Currently, the Marin County Department of Public Works (MCDPW) is coordinating the Novato Watershed Program, which includes Marin County Flood Control and Water Conservation District, Novato Sanitary District, and North Marin Water District. Within lower Novato Creek, the Program is seeking to implement a new approach to flood control that includes redirecting sediment for beneficial use, reducing flood channel maintenance costs, restoring wetland habitat, and enhancing resilience to sea level rise. Included as part of this goal is the re-establishment of historical physical processes that existed before major channel modification, which in turn will re-establish historical ecological functions and help to create a tidal landscape that is resilient to increasing sea level.

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Grossinger, R. M.; Dusterhoff, S. D.; Doehring, C.; Salomon, M.; Askevold, R. A. 2015. Novato Creek Baylands Vision: Integrating ecological functions and flood protection within a climate-resilient landscape. SFEI Contribution No. 764.

This report explores the potential for integrating ecological functions into flood risk management on lower Novato Creek. It presents an initial vision of how ecological elements could contribute to flood protection, based on a broad scale analysis and a one day workshop of local and regional experts. The Vision is not intended to be implemented as is, but rather adapted and applied through future projects and analysis. Other actions (e.g., floodwater detention basins) may also need to be implemented in the interim to meet flood risk objectives.

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Senn, D.; Novick, E. 2016. Nutrient Management Strategy Science Plan Report. SFEI Contribution No. 878. San Francisco Estuary Institute: Richmond, CA.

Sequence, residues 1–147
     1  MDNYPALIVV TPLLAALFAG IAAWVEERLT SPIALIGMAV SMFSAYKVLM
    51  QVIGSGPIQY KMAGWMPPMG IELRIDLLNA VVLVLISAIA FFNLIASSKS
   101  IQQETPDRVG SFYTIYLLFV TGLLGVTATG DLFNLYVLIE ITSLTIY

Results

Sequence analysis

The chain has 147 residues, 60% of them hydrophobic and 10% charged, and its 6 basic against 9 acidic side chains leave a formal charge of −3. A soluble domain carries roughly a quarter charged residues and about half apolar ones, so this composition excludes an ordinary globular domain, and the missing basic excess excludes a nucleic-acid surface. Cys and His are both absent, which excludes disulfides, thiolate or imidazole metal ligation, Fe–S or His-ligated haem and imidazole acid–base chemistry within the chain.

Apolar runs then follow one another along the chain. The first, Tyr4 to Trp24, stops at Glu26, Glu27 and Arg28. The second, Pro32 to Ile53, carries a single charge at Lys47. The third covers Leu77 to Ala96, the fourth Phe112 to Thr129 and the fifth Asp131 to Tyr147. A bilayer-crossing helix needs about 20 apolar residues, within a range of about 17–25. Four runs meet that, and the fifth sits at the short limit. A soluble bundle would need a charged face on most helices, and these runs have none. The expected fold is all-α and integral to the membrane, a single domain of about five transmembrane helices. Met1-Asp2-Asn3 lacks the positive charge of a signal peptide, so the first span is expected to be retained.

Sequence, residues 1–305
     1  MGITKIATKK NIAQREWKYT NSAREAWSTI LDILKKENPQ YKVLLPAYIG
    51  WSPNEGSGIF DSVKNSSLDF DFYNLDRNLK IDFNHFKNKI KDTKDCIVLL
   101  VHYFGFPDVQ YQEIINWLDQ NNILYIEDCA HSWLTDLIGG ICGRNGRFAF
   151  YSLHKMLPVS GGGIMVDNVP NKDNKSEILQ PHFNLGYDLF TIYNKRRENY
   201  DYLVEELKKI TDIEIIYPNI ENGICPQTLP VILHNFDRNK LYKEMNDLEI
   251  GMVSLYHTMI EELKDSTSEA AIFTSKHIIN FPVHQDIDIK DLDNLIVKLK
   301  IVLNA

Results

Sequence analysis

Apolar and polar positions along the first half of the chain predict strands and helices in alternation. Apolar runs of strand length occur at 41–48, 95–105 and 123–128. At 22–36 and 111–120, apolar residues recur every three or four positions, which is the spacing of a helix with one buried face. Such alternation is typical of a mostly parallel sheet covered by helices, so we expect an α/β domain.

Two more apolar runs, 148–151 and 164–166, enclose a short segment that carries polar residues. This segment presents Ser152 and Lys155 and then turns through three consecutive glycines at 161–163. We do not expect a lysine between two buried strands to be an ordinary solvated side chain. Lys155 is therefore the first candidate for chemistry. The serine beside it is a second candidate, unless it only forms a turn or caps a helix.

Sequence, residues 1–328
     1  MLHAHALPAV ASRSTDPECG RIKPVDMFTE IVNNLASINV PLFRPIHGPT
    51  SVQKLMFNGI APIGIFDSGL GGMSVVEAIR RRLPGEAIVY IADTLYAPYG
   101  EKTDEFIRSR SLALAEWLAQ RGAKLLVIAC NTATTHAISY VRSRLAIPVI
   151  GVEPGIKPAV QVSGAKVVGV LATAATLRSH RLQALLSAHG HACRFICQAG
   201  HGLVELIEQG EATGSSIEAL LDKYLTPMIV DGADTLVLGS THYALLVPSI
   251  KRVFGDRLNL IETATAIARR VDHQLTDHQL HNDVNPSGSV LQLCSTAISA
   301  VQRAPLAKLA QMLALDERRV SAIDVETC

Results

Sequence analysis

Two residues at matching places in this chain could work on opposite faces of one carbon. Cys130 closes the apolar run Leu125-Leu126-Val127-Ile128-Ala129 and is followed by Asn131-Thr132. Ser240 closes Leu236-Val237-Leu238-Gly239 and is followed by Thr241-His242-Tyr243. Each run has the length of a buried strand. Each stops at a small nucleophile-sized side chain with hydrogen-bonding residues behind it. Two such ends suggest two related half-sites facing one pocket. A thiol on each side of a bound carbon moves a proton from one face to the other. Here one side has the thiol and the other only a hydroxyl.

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Holleman, R.; MacVean, L.; Mckibben, M.; Sylvester, Z.; Wren, I.; Senn, D. 2017. Nutrient Management Strategy Science Program. SFEI Contribution No. 879. San Francisco Estuary Institute: Richmond, CA.
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Jabusch, T. W.; Trowbridge, P. 2016. Nutrient Monitoring Planning Workshop - Summary of Existing Nutrient Monitoring Programs, Data Gaps, and Potential Delta RMP “No Regrets” Monitoring Activities. Aquatic Science Center: Richmond, CA.

This report was prepared as a briefing document for a September 2016 workshop held in Sacramento by the Delta Regional Monitoring Program. The purpose of the workshop was to plan how to invest in nutrients-related studies in order to inform better management of Delta waterways. First, the report compiles information about the major existing nutrient monitoring programs in the Sacramento-San Joaquin Delta. Next, it outline options for “no regrets” actions for workshop participants to review. The report summarizes interviews with representatives of Delta monitoring and resource management programs, describes current monitoring efforts in the Delta, and presents the conclusions and recommendations from recently completed data syntheses.

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Jarman, W. M.; Davis, J. A. 1997. Observations on trace organic concentrations in RMP water samples. SFEI Contribution No. 210. San Francisco Estuary Institute. pp 67-77.
Grosso, C.; Hale, A.; Williams, M.; May, M. 2014. Online 401: From Pilot to Production. San Francisco Estuary Institute: Richmond, CA.
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Oram, J. J.; Greenfield, B. K.; Davis, J. A.; David, N.; Leatherbarrow, J. E. 2006. Organochlorine Pesticide Fate in San Francisco Bay. SFEI Contribution No. 433. San Francisco Estuary Institute: Oakland, CA. p 48.